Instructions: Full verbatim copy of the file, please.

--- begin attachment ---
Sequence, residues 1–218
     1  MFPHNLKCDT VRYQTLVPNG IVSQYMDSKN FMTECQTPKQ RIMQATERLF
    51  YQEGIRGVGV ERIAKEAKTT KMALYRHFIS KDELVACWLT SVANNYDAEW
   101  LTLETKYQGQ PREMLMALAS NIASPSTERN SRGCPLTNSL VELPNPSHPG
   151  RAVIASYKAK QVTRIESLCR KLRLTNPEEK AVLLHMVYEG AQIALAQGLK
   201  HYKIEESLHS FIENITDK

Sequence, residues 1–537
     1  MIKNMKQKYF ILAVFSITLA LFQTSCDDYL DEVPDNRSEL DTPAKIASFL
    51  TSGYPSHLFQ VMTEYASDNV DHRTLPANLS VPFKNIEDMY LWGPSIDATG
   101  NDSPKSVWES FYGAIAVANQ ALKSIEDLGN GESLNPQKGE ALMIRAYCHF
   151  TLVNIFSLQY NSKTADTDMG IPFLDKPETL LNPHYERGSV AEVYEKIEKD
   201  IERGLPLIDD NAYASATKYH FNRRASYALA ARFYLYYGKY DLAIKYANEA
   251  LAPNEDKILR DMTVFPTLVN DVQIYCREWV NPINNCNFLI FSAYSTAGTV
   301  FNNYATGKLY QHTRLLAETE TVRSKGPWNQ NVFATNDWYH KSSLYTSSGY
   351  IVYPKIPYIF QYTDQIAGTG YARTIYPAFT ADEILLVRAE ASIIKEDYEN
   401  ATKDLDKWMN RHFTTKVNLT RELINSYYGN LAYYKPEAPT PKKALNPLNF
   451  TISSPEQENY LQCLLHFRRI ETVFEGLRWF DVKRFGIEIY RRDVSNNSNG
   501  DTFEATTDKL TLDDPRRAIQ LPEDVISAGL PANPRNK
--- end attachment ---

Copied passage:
Sequence, residues 1–218
     1  MFPHNLKCDT VRYQTLVPNG IVSQYMDSKN FMTECQTPKQ RIMQATERLF
    51  YQEGIRGVGV ERIAKEAKTT KMALYRHFIS KDELVACWLT SVANNYDAEW
   101  LTLETKYQGQ PREMLMALAS NIASPSTERN SRGCPLTNSL VELPNPSHPG
   151  RAVIASYKAK QVTRIESLCR KLRLTNPEEK AVLLHMVYEG AQIALAQGLK
   201  HYKIEESLHS FIENITDK

Sequence, residues 1–537
     1  MIKNMKQKYF ILAVFSITLA LFQTSCDDYL DEVPDNRSEL DTPAKIASFL
    51  TSGYPSHLFQ VMTEYASDNV DHRTLPANLS VPFKNIEDMY LWGPSIDATG
   101  NDSPKSVWES FYGAIAVANQ ALKSIEDLGN GESLNPQKGE ALMIRAYCHF
   151  TLVNIFSLQY NSKTADTDMG IPFLDKPETL LNPHYERGSV AEVYEKIEKD
   201  IERGLPLIDD NAYASATKYH FNRRASYALA ARFYLYYGKY DLAIKYANEA
   251  LAPNEDKILR DMTVFPTLVN DVQIYCREWV NPINNCNFLI FSAYSTAGTV
   301  FNNYATGKLY QHTRLLAETE TVRSKGPWNQ NVFATNDWYH KSSLYTSSGY
   351  IVYPKIPYIF QYTDQIAGTG YARTIYPAFT ADEILLVRAE ASIIKEDYEN
   401  ATKDLDKWMN RHFTTKVNLT RELINSYYGN LAYYKPEAPT PKKALNPLNF
   451  TISSPEQENY LQCLLHFRRI ETVFEGLRWF DVKRFGIEIY RRDVSNNSNG
   501  DTFEATTDKL TLDDPRRAIQ LPEDVISAGL PANPRNK